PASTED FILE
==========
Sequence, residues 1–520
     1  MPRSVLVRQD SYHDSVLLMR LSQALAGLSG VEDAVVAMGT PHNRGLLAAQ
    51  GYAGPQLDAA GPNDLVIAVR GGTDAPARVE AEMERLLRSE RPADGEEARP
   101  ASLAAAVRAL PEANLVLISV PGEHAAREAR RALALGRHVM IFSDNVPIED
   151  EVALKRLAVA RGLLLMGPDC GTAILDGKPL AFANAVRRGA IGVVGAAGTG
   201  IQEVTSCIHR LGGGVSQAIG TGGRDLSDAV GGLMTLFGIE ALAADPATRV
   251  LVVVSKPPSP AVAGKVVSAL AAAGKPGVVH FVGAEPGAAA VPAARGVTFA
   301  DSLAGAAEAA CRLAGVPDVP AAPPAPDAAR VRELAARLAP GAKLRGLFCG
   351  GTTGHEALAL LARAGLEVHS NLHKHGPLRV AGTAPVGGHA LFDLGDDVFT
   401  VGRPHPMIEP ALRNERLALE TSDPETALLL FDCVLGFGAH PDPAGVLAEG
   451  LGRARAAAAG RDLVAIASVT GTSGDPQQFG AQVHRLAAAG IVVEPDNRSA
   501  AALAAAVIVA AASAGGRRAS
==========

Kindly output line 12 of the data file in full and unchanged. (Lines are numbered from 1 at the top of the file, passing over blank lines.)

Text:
   501  AALAAAVIVA AASAGGRRAS